|New on the nanoscale: buckyball wires sheathed with boron nitride insulation|
|Contact: Lynn Yarris, email@example.com|
Berkeley Lab scientists have created insulated electrical wires that are about 100,000 times narrower in diameter than a human hair. These insulated wires are single-walled carbon nanotubes encased within an outer sheath of boron nitride nanotubes. The ultra-high-strength wires were reported in the April 18, 2003, issue of the journal Science.
"The ability to insulate nanowires opens up new possibilities for nanoelectronics," says Alex Zettl, a physicist with Berkeley Lab's Materials Sciences Division (MSD) and UC Berkeley's Physics Department, who led the research. "Insulation keeps different wires from shorting to each other or to nearby conductors, and will allow the wires to serve as the basis of coaxial cables or a simple gating configuration for the production of electronic devices such as transistors."
Coauthoring the Science paper with Zettl were William Mickelson, Shaul Aloni, Wei-Qiang Han and John Cumings.
First came the discovery in 1985 of fullerenes, the cage like structures of carbon atoms, the most famous of which is carbon-60, the buckyball. Then came the discovery in 1991 of the long, thin, hollow cylinders of carbon atoms called nanotubes. In 1998, scientists created the first carbon "peapods," carbon nanotubes that were packed with a linear chain of buckyballs.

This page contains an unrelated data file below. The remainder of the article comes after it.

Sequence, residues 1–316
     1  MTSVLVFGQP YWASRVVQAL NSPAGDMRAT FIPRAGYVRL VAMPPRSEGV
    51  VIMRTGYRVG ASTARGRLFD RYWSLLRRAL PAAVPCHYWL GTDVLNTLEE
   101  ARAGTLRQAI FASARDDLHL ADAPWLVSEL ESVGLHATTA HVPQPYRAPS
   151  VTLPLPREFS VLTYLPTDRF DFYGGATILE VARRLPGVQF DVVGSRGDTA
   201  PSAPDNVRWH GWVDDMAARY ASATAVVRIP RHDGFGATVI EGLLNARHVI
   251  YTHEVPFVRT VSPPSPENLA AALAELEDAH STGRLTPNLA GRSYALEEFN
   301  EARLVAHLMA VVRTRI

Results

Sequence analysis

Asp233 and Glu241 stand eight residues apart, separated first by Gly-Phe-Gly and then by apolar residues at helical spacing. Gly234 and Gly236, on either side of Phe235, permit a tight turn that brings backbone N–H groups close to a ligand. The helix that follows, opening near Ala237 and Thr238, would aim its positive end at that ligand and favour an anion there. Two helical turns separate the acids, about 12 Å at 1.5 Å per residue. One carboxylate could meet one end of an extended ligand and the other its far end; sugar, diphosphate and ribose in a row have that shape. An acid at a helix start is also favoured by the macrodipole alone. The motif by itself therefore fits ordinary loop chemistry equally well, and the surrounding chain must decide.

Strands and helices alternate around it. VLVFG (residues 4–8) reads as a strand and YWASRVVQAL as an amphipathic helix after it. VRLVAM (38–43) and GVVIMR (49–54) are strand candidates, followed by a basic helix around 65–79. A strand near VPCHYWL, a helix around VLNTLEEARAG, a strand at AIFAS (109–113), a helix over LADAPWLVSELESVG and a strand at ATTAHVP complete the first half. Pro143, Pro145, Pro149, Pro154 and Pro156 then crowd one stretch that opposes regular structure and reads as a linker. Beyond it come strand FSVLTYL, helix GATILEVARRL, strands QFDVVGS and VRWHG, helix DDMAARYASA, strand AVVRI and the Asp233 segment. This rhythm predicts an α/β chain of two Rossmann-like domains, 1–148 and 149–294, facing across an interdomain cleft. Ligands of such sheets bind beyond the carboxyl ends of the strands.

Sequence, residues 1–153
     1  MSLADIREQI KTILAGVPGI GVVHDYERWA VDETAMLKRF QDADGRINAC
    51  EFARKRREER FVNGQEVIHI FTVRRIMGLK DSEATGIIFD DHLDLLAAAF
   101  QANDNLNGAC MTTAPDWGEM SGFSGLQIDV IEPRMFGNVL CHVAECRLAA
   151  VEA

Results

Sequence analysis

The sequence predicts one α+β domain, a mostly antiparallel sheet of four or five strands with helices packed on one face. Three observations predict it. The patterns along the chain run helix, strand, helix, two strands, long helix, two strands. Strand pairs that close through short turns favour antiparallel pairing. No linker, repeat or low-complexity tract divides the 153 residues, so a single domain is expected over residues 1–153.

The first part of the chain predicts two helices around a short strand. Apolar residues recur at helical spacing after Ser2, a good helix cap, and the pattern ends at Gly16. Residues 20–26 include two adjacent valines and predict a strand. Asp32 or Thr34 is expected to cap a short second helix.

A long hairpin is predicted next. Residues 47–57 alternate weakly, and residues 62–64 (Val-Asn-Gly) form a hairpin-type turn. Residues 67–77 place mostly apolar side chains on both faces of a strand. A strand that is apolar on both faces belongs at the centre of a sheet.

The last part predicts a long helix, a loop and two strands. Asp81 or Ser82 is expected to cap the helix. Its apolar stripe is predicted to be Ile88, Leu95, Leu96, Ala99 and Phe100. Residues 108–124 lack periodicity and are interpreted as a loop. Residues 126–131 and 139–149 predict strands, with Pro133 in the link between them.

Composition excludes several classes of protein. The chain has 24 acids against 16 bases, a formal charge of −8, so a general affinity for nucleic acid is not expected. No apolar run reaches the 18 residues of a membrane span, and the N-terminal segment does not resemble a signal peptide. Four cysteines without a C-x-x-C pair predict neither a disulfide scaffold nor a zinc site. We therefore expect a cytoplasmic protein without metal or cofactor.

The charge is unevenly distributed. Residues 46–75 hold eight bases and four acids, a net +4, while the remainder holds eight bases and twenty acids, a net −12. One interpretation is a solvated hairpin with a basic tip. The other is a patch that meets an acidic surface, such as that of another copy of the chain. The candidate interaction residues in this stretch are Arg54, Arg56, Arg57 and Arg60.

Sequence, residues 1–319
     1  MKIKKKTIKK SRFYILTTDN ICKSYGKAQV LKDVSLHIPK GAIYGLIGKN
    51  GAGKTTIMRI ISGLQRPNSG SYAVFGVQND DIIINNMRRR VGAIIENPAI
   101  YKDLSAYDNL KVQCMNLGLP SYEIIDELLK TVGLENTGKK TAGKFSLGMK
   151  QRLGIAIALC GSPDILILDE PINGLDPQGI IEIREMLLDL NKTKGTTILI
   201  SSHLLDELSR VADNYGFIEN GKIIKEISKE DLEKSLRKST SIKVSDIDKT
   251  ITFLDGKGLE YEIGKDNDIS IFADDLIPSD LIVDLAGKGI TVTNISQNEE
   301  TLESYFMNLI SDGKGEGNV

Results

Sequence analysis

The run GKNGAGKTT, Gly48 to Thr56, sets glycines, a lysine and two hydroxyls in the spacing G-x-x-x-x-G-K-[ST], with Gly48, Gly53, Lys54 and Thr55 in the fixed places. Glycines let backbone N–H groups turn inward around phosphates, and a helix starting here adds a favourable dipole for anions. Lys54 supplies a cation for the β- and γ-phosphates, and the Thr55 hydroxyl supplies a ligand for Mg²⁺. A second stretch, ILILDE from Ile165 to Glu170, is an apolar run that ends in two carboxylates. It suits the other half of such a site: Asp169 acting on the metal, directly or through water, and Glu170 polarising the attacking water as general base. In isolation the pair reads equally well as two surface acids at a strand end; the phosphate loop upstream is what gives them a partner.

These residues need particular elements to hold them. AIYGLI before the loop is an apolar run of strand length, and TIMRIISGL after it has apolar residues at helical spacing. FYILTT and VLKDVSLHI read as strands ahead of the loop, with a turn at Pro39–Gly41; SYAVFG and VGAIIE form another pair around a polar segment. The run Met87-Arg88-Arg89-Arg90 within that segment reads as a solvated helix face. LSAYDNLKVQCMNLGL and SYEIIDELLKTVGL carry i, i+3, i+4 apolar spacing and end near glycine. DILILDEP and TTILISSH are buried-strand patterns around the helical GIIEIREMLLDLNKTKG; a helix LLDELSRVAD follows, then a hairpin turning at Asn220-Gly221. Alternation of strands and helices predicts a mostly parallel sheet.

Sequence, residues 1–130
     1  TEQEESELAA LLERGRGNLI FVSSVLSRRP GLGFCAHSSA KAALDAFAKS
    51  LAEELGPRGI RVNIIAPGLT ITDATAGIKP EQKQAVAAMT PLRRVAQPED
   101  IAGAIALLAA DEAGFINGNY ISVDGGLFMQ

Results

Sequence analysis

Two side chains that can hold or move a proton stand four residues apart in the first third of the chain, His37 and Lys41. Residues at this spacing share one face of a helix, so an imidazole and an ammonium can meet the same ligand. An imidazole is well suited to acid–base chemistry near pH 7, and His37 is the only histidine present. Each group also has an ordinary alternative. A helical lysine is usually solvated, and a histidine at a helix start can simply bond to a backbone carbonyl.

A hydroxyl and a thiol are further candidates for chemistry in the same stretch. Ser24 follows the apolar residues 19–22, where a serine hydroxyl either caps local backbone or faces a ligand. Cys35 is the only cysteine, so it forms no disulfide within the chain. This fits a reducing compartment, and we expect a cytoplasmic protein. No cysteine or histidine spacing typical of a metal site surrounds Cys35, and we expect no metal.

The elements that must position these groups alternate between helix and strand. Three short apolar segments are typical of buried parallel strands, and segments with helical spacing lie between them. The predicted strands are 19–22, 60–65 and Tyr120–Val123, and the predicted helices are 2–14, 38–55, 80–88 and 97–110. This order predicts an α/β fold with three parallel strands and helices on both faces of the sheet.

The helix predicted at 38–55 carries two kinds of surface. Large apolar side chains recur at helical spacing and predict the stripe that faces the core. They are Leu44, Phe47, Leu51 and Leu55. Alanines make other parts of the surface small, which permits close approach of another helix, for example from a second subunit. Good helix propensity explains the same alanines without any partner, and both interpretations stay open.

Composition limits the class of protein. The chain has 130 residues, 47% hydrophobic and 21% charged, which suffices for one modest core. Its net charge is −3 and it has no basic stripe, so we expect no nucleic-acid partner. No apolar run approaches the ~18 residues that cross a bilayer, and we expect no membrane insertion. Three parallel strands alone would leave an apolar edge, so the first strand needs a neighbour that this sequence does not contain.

Now, from Zettl's group, which in 1997 made the first nanotubes out of pure boron nitride, comes the "boron nitride silo." When a boron nitride silo is packed with buckyballs, then subjected to a ten-minute blast from an intense beam of electrons, the result is a carbon nanowire conductor enclosed within the world's strongest wide gap insulating fiber.
Zettl and his group made their boron nitride nanotubes using a plasma arc technique, developed earlier in Zettl's laboratory, in which a hot electrical discharge is sent between two boron-rich electrodes in a chamber filled with pure nitrogen gas. This yields an abundance of boron nitride nanotubes in the soot that forms along the chamber walls.
The soot can then be heat-treated to open the tips of the tubes, creating a boron nitride silo. The silos were packed with buckyballs by sealing the soot in vacuum inside a quartz ampoule along with carbon-60 powder, then heating the ampoule to between 550 and 630 degrees Celsius for 24 to 48 hours.
A slew of possibilities
In addition to creating insulated carbon nanowires, Zettl says that boron nitride silos can serve as model systems for studying the mechanical, electronic, thermal, and magnetic properties of "dimensionally-constrained" configurations of densely packed molecules such as buckyballs, a critical need for the development of nanotechnology.
"When individual carbon-60 spheres just barely fit inside the boron nitride cylinder, we got the linear-chain or classic peapod configuration," Zettl says. "However, at a slightly larger cylinder diameter, the spheres began to form a staggered chain. At still larger diameters, the staggered chain became close-packed, followed by a corkscrew-like formation."